Having received disappointing news out of the governor's office Monday, some York City officials said they are looking ahead to 2016.

Despite an all-hands-on-deck attempt to win a coveted economic-development designation that could have poured millions of dollars into York, state bureaucrats and Gov. Tom Corbett decided to create two City Revitalization Improvement Zones elsewhere.

Five Pennsylvania cities competed for the zones. Lancaster and Bethlehem emerged the winners.

"It's good for those cities. It's unfortunate for us," state Rep. Kevin Schreiber, D-York City, said. "But I still stand by the merits of our application and our readiness to go. Hopefully we can best position York for the next round of designations as soon as possible."

Schreiber, who served as the city's economic-development director until he was elected to the state House in May, had been one of York's most vocal advocates throughout the CRIZ process. But the support extended to York County's

Republican delegation, most of whom attended a presentation city officials held Dec. 19 to create some buzz around the idea of a York CRIZ.

Rep. Stan Saylor, R-Windsor Township, joined Schreiber at a York City Council meeting in October to express his belief that a CRIZ is "perfectly suited for York."

"I think the best thing that, I guess, came out of this - it was a model example of everyone working in the same direction for a common cause," Schreiber said Monday.

The decision: Seven cities were eligible for a CRIZ. In addition to Lancaster, Bethlehem and York, Reading and Erie submitted applications, said Steve Kratz, a spokesman for the state Department of Community and Economic Development.

The process was unusually quick. The state released its guidelines Oct. 31 and set a Nov. 30 deadline for applications.

During that time, the council created and appointed seven people to a new authority that would have overseen the CRIZ program in York.

A committee of representatives from the DCED, the state Department of Revenue and the Office of the Budget reviewed the applications.

"Eventually, all eligible Pennsylvania cities that develop quality proposals could have successful economic development projects. I have directed DCED to work with cities that did not receive designations to help them improve their applications," Corbett said, according to a news release. "We want to inspire our cities to start thinking creatively about spurring new growth through economic development strategies and the CRIZ program has certainly helped in that effort."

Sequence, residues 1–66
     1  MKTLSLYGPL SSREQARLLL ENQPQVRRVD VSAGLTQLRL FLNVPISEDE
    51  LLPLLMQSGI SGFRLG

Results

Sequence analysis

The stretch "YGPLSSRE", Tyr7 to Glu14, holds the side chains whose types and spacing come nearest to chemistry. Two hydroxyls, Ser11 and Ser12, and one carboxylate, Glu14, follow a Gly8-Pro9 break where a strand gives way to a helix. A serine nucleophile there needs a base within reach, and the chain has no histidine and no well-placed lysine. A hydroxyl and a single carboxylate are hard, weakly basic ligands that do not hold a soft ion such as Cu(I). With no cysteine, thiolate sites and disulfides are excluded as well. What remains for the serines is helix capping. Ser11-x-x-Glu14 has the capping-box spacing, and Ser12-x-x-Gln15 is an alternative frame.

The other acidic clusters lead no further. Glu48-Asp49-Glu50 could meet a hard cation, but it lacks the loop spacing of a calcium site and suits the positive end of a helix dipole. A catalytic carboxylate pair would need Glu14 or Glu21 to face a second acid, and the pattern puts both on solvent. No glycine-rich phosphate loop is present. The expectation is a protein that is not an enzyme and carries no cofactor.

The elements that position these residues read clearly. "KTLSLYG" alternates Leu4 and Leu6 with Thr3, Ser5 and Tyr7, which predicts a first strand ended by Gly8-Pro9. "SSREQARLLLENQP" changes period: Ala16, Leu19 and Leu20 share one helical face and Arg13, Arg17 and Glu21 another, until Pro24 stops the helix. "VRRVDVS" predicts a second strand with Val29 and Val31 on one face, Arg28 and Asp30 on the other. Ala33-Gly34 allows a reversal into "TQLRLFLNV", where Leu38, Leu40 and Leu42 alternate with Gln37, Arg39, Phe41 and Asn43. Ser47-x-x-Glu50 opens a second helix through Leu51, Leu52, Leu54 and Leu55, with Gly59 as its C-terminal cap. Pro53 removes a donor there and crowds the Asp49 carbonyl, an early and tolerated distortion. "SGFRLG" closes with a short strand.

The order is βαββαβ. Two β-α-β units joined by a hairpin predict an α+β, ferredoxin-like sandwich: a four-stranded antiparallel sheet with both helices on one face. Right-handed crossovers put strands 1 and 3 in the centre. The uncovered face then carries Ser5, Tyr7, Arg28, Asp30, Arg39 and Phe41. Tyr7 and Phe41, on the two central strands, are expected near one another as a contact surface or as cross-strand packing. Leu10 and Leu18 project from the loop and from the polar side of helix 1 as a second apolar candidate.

Kratz said the state received "several good applications," but could select only two.

"Bethlehem and Lancaster were the strongest applications that really met all the qualifications and the guidelines and also were deemed most viable by the review committee," he said.

The applications: The York Dispatch submitted a Right to Know request Dec. 6 to the state for copies of all cities' CRIZ applications.

On Dec. 13, the state invoked a 30-day extension to fulfill the request, giving the state until Jan. 12 to respond.

In early December, York officials released the city's application in response to a Right to Know request from The York Dispatch.

The document revealed plans for several major projects that could have been helped along by a CRIZ designation, including a $40 million data center at the old York Prison site, an $18 million hotel near the York fairgrounds and an $8 million renovation of the former York City Post Office building on South George Street.

The CRIZ program aims to attract business and jobs to cities by offering developers state and city tax revenue to pay off project debt. In other words, instead of paying certain state and local taxes, developers of approved projects will be allowed to use that money to repay lenders.

Next round: A second round of CRIZ designations is tentatively scheduled for 2016, but officials have repeatedly said that's not guaranteed.

Kratz said DCED will work with Erie, Reading and York "to make sure that they can strengthen their applications for future rounds."

On Monday, Mayor Kim Bracey said the governor's announcement was "unfortunate news."

"But I stand by the merit of our application," she said. "We'll make sure we're in the best position for the designation next round."

- Reach Erin James at ejames@yorkdispatch.com.